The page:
Arizona charter schools’ suit seeks to prevent state from recovering over $5 million in funding it claims it overpaid to charter schools
According to The Republic, the Arizona Charter Schools Association (ACSA) and about 200 of its member schools have filed suit in Maricopa County Superior Court against the Arizona Department of Education (ADE) seeking an injunction to prevent ADE from recouping more than $5 million in classroom-site funds that the department says it overpaid the schools. The suit claims ADE wants charter schools to return $5.89 million in Proposition 301 money after the state changed its interpretation of teacher-performance pay.
ACSA president Eileen Sigmund contends ADE’s actions are unconstitutional and would adversely affect schools that have already budgeted their Prop. 301 funds for this school year. “We’re filing an injunction … to ask a judge and neutral third party to say, ‘Hey, is this allowed? We were playing by all the rules you gave us, and all of a sudden you’ve changed the rules without telling us, and you’re clawing back the money,’ ” Sigmund said.
Although ADE declined to comment on the suit, ADE’s director of policy development and government affairs Stacey Morley said, “We constantly adjust school-district payments and charter-school payments based on current information and data. I don’t remember ever being sued because of it.” Morley added, “The fact is that it’s a finite pot of money that gets distributed to all schools.”
In 2000, Arizona voters approved Prop. 301, which was intended to provide additional funding for teachers based on increased student performance. The 0.6-cent-per-dollar sales tax is earmarked to pay teachers and provide instructional support in the classroom. The available money changes each year depending on sales-tax revenue.
In January 2013, ADE officials said they discovered that an error in calculating classroom-site funding had shortchanged hundreds of Arizona public and charter schools while causing others to be overpaid since 2006. In March 2013 , the department reimbursed about $38 million to the underfunded districts and set up payment plans to recoup about $6 million the state overpaid to charters and school districts.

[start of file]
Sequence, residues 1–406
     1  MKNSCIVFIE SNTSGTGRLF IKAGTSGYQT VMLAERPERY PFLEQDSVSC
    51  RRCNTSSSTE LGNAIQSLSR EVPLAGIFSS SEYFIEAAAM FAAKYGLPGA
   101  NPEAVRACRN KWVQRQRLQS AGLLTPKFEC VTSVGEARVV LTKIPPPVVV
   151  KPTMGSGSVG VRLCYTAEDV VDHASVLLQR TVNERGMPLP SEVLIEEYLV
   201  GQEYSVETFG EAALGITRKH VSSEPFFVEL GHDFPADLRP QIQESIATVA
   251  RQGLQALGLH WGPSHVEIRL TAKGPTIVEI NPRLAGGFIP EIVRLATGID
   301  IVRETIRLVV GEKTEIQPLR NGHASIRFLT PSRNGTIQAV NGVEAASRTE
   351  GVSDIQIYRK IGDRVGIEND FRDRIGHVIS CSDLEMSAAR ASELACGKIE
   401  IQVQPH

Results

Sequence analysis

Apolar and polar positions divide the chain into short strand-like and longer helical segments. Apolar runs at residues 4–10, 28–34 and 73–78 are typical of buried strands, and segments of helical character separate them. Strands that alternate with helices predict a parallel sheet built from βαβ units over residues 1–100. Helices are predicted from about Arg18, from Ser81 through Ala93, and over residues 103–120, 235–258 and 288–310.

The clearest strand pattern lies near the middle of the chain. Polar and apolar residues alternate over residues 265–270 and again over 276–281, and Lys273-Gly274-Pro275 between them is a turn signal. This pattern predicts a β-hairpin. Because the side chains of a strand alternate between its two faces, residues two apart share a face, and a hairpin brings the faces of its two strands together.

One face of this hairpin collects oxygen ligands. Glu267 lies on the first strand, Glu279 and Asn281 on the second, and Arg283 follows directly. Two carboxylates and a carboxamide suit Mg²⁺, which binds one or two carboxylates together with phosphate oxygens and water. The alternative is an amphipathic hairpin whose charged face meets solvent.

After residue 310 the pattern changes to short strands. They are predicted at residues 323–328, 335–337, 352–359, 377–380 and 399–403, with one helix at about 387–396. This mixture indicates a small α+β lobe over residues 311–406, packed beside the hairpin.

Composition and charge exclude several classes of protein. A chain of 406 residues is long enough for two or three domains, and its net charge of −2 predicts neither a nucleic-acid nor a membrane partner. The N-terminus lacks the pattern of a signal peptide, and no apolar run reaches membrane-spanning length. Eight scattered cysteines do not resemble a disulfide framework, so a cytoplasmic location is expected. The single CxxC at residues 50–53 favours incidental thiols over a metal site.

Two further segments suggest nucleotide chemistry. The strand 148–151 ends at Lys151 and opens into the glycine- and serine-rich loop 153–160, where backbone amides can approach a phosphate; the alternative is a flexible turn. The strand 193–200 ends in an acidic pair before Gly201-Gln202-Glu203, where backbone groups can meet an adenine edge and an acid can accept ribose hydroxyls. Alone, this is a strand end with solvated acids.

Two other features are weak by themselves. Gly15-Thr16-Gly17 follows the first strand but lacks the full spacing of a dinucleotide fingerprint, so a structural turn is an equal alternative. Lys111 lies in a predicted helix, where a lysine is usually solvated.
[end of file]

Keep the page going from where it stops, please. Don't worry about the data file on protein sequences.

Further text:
ADE plans to begin collecting the money, starting this week, over a five-year period. “We’re trying to balance the fact that we have to take this money back because we feel it wasn’t distributed properly … (with the understanding) that it has an impact on schools, so we spread it out over five years,” Morley said. “I’m happy to have a court tell me if this isn’t correct. We really just want to try to be fair and reasonable, and we have a responsibility to all the schools in Arizona and the taxpayers to make sure that money gets allocated correctly,” Morley added.
Sigmund said attempts to negotiate with ADE officials since February 2013 have been fruitless. She said the charter association filed its lawsuit as a last resort.
Source: The Republic, 5/29/13, By Amy B Wang
[Editor’s Note: In January 2013, Legal Clips summarized an article in The Republic reporting that the Arizona Court of Appeals had held that the state legislature must fully pay for the base education budget, something that has not happened for three years. The three-judge panel effectively told the legislature it cannot pick and choose which parts of a voter-approved school-funding initiative it wants to fund.
Proposition 301, a ballot measure that voters approved in 2000, called for annual inflation adjustments to the base education funding formula, which covers school operating costs and other education spending, such as transportation and extra assistance to state charter schools. However, in the past three budget years, the legislature paid only for minor elements in the education plan, omitting funding increases to account for inflation. Lawmakers argued that the “either/or” language in the ballot measure gave them permission to pick and choose which elements to fund, especially in years when the state was trying to erase deep budget deficits.]